Eric Hobsbawm, Vindicated

Excellent interview with the last of our great Marxist historians — Eric Hobsbawm — in the Guardian a couple days ago. Below the opening shots — you can read the whole thing here.

Tristram Hunt: At the heart of this book, is there a sense of vindication? That even if the solutions once offered by Karl Marx might no longer be relevant, he was asking the right questions about the nature of capitalism and that the capitalism that has emerged over the last 20 years was pretty much what Marx was thinking about in the 1840s?

Eric Hobsbawm: Yes, there certainly is. The rediscovery of Marx in this period of capitalist crisis is because he predicted far more of the modern world than anyone else in 1848. That is, I think, what has drawn the attention of a number of new observers to his work – paradoxically, first among business people and business commentators rather than the left. I remember noticing this just around the time of the 150th anniversary of the publication of The Communist Manifesto, when not very many plans were being made for celebrating it on the left. I discovered to my amazement that the editors of the [in-flight] magazine of United Airlines said they wanted to have something about the Manifesto. Then, a bit later on, I was having lunch with [financier] George Soros, who asked: “What do you think of Marx?” Even though we don’t agree on very much, he said to me: “There’s definitely something to this man.”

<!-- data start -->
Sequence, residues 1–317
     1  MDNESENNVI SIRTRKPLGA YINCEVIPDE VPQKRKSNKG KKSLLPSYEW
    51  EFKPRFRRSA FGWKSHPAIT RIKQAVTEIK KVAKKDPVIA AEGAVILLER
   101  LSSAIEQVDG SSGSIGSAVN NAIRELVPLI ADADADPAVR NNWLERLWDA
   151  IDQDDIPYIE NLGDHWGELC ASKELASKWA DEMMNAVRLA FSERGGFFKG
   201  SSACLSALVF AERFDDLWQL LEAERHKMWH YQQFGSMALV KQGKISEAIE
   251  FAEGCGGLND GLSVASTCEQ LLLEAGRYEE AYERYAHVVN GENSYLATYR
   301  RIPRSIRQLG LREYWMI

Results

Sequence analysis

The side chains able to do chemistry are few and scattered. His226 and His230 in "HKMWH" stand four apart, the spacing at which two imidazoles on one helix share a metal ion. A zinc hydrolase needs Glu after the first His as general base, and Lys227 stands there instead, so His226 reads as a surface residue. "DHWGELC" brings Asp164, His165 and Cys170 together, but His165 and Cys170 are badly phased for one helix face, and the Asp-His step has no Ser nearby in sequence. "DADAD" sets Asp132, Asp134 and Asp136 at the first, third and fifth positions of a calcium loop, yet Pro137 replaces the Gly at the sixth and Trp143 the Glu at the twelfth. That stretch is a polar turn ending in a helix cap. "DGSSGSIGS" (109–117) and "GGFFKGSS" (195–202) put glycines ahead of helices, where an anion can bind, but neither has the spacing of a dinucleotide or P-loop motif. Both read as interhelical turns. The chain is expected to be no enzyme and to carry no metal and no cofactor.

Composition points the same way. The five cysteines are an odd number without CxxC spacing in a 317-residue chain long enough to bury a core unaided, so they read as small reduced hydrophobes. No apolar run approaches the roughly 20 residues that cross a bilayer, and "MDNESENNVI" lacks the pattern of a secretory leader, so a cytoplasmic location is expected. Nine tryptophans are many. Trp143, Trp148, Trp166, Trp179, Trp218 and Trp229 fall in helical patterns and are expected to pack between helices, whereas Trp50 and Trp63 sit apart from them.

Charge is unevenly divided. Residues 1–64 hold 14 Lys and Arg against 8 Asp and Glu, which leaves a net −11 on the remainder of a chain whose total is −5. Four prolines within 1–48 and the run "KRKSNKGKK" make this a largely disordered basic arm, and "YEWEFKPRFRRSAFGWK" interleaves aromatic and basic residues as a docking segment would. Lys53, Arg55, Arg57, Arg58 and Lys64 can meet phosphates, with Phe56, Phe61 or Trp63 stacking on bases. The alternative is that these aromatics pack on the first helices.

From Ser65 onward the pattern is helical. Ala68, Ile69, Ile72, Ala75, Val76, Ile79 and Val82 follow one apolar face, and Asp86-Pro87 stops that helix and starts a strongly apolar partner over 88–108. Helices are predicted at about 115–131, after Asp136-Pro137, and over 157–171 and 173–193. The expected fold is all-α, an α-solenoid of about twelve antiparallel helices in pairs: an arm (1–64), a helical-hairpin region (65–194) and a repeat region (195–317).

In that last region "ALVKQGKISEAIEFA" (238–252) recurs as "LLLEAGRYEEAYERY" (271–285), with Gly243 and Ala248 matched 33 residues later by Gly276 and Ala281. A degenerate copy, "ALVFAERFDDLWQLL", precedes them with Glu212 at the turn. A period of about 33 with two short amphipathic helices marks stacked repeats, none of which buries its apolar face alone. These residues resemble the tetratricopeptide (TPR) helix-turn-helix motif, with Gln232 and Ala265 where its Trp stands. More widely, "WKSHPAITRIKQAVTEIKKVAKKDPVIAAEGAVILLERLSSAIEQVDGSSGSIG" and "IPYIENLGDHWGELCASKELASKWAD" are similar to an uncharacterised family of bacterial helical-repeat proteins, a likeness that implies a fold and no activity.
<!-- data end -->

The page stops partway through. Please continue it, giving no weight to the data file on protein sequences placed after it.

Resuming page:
TH Do you get the sense that what people such as Soros partly liked about Marx was the way he describes so brilliantly the energy, iconoclasm and potential of capitalism? That that’s the part that attracted the CEOs flying United Airlines?

EH I think that it is globalisation, the fact that he predicted globalisation, as one might say a universal globalisation, including the globalisation of tastes and all the rest of it, that impressed them. But I think the more intelligent ones also saw a theory that allowed for a sort of jagged development of crisis. Because the official theory in that period [the late 1990s] theoretically dismissed the possibility of a crisis.

TH And this was the language of “an end to boom and bust” and going beyond the business cycle?

EH Exactly. What happened from the 1970s on, first in the universities, in Chicago and elsewhere and, eventually, from 1980 with Thatcher and Reagan was, I suppose, a pathological deformation of the free-market principle behind capitalism: the pure market economy and rejection of state and public action that I don’t think any economy in the 19th century actually practised, not even the USA. And it was in conflict with, among other things, the way in which capitalism had actually worked in its most successful era, between 1945 and the early 1970s.

TH By “successful”, you mean in terms of raising living standards in the postwar years?

EH Successful in that it both made profits and ensured something like a politically stable and socially relatively contented population. It wasn’t ideal, but it was, shall we say, capitalism with a human face.

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